Like the other well known brand the Tuff Pull has a 1.6 ton hoist rate and a 3.2 tonne pull rate. Its all a question of marketing tristjo which is why Harley Davidson so many M\Cycles. They spend huge amounts to advertise a product that in reality should not be competitive in the market place.Cairns Offroad Training & Tours
0
FollowupID: 15103

Follow Up By: tristjo - Wednesday, Jun 18, 2003 at 13:54

Wednesday, Jun 18, 2003 at 13:54
Rob,

Thanks for posting that. As long as it is up to the Austrailian standard, I can't see much reason why it wouldn't perform aswee as more expensive ones.

Your right about marketing, though, thats for sure!!!

Tristjo.
0
FollowupID: 15105

Follow Up By: Member - Melissa - Wednesday, Jun 18, 2003 at 14:25

Wednesday, Jun 18, 2003 at 14:25
Tristjo,

We've had a Tuff Pull for 5 or 6 years now and I would recommend it without hesitation. $375 is excellent buying...I'm sure we paid more for ours all those years ago.

:o) MelissPetrol 4.5L GU Patrol &
Camprite TL8 offroad camper
0
FollowupID: 15108

Follow Up By: tristjo - Wednesday, Jun 18, 2003 at 15:13

Wednesday, Jun 18, 2003 at 15:13
Thanks, Melissa,

I have been thinking about getting one for a while now, mainly for the extra confidence, but was always told "don't but anything but a tirfor", and therfore I found it hard to justify the expense.

$375 though sounds very reasonble for something which may save life and limb in the longrun.

Thanks all, and I'm sorry for hi-jacking someone elses post!!

Tristjo.
0
FollowupID: 15111

Follow Up By: bruce.h (WA) - Wednesday, Jun 18, 2003 at 15:14

Wednesday, Jun 18, 2003 at 15:14
Gday all
just aquick note that you should check with local authorties before using chains as they are banned from use in some state & areas
Regards Bruce
0
FollowupID: 15112

Follow Up By: Member - Rohan K - Wednesday, Jun 18, 2003 at 15:36

Wednesday, Jun 18, 2003 at 15:36
Hey Tristjo. A good post is like a good jouney - a little digression, a little meandering, and don't be afraid to find yourself somewhere you hadn't intended.

At $375 for the Tuff Pull, you could also afford the $325 for a set of chains and you'll be sweet.Talk is cheap ...
Rohan (Sydney)
0
FollowupID: 15115

Follow Up By: Member - Bonz (Vic) - Wednesday, Jun 18, 2003 at 17:02

Wednesday, Jun 18, 2003 at 17:02
Desert,

What sort of chains do you recommend? Plain of ladder type or the newer diamond variety? And do you think they should go on all 4?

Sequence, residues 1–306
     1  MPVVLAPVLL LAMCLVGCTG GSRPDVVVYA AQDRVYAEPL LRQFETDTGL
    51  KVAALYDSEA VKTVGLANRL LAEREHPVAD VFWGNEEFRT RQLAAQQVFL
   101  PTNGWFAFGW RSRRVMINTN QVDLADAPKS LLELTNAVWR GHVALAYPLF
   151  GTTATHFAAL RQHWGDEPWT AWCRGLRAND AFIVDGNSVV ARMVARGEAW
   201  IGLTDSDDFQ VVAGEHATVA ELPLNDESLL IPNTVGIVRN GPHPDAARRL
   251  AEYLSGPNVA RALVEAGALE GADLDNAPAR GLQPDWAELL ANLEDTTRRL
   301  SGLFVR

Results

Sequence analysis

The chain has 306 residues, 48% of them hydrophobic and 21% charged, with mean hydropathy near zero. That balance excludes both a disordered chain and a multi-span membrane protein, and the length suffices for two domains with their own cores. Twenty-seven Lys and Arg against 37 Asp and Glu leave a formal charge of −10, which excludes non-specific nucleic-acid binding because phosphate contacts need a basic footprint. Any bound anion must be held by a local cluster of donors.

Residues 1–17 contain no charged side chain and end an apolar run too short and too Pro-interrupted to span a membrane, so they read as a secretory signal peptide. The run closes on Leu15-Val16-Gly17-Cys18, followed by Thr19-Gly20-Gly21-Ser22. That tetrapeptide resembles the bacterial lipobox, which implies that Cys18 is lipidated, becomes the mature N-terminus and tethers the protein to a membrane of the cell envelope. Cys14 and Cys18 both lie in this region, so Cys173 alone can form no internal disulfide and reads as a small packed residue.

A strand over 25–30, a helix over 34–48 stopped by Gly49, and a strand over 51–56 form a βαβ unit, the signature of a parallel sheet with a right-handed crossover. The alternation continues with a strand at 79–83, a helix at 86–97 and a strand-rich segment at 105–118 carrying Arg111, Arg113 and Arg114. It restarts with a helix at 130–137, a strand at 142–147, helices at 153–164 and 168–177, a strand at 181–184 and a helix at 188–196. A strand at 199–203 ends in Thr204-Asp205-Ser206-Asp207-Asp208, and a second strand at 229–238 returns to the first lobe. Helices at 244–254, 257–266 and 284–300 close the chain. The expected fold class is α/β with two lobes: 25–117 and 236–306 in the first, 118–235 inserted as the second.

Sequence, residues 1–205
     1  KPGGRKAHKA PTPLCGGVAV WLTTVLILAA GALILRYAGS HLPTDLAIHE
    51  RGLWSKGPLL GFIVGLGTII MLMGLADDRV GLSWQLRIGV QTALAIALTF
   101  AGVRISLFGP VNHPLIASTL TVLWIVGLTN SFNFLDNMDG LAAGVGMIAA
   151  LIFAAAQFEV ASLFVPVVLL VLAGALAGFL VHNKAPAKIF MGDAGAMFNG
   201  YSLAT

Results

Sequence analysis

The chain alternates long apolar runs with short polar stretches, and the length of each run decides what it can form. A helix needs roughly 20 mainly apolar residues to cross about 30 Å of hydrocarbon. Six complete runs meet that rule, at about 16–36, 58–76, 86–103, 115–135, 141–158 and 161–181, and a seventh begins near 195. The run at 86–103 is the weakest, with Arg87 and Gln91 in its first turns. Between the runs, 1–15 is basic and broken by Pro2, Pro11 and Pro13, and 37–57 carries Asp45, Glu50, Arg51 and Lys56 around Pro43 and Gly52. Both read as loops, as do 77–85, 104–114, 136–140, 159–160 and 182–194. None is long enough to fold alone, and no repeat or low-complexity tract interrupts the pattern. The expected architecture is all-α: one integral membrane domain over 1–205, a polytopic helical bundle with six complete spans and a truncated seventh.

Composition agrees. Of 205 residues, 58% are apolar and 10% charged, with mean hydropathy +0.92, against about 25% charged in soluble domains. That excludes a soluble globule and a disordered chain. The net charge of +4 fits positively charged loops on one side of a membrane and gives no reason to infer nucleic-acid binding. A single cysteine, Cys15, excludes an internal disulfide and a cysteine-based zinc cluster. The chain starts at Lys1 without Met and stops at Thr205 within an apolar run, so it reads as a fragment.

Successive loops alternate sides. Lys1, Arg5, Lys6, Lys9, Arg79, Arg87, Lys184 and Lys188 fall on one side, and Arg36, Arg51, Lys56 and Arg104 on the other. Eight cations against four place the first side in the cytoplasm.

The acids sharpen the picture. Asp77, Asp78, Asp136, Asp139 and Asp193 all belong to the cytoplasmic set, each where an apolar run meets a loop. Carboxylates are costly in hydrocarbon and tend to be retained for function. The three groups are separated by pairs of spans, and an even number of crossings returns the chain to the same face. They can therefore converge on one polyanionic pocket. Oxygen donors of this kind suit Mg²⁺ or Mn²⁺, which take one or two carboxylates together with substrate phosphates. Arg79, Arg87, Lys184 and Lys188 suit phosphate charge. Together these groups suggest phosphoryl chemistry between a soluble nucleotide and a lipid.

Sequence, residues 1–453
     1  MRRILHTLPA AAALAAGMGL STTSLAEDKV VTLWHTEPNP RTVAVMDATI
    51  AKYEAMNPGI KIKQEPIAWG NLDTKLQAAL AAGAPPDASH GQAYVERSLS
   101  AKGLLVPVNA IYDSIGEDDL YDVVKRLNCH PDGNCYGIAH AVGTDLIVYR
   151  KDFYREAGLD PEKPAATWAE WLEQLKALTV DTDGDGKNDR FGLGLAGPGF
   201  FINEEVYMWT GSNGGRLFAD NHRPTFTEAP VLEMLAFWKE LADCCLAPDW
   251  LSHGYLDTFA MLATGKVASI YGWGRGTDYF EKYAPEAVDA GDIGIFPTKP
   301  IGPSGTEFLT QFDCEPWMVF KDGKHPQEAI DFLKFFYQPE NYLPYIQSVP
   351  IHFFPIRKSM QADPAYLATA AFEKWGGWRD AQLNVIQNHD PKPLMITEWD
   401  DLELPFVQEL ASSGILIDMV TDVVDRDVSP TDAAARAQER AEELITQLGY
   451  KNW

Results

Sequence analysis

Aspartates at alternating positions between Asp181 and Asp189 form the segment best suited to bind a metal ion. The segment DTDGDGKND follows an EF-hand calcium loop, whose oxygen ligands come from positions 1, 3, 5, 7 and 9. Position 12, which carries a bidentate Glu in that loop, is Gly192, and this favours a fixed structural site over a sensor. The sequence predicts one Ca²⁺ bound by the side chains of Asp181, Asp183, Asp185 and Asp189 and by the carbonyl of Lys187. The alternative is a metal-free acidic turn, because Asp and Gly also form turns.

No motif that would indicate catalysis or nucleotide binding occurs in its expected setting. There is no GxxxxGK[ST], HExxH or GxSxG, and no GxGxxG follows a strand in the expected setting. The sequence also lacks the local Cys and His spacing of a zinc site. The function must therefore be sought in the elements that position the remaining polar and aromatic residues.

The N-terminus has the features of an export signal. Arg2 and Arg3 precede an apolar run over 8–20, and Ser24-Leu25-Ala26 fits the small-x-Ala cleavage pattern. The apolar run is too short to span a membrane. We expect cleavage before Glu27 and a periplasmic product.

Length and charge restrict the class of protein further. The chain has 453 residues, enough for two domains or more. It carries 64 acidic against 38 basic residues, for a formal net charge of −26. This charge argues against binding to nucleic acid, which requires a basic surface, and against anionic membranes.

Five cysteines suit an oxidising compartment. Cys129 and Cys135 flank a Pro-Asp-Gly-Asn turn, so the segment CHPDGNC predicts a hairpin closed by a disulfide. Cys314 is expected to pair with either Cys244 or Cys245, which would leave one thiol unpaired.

wheels that is. thanxSo many places to go!
So much work to do :0(
0
FollowupID: 15123

Follow Up By: tristjo - Thursday, Jun 19, 2003 at 11:26

Thursday, Jun 19, 2003 at 11:26
Hey Rohan,

Thats very philosophical, mate, I like it!!!!

The winch and the chains sound like good ideas...........

Mmmmmm, I wonder how much I will get in my tax return?????

Tristjo.
0
FollowupID: 15173

Follow Up By: Member - Rohan K - Thursday, Jun 19, 2003 at 11:40

Thursday, Jun 19, 2003 at 11:40
Yeah, isn't it? Sitting here, thinking of "somewhere else".Talk is cheap ...
Rohan (Sydney)
0
FollowupID: 15175

Reply By: Brian - Wednesday, Jun 18, 2003 at 18:55

Wednesday, Jun 18, 2003 at 18:55
OK... my interest is piqued here guys.... tell me more about the use of chains.. types, uses, safety concerns etc... I have never even seen a set in real life, so am completely ignorant on there use. I always assumed they were for snow driving(?) When fitted, do they damage the tyres at all?? I run 33" Pro Comps on my GQ, and "may" never go far enough into the rough to need chains to get out... but "ya-never-know!!" LOL
AnswerID: 22922

Follow Up By: Rob from Cairns Offroad Training & Tours - Wednesday, Jun 18, 2003 at 21:25

Wednesday, Jun 18, 2003 at 21:25
I have had my ladder type chains for over 20 years and they have always done the job for me. Chains are most effective on slick hard packed clay. They do not work very well in soft bottomless type mud. Never spin your wheels with chains as you will loose grip, tear up the track and may even damage your car or brake lines. Some of the new types look great and are probably more efficient and easier to fit. I think I paid about $50 for mine all those years ago. Like most recovery equipment they can last a llifetime if looked after, my own handwinch an old Elephant Looper is over 20 years old as well. I also have a grey snatch strap that I was given to test to destruction over 2 years ago, it must have done over 100 snatches by now. These sell for $55. Cairns Offroad Training & Tours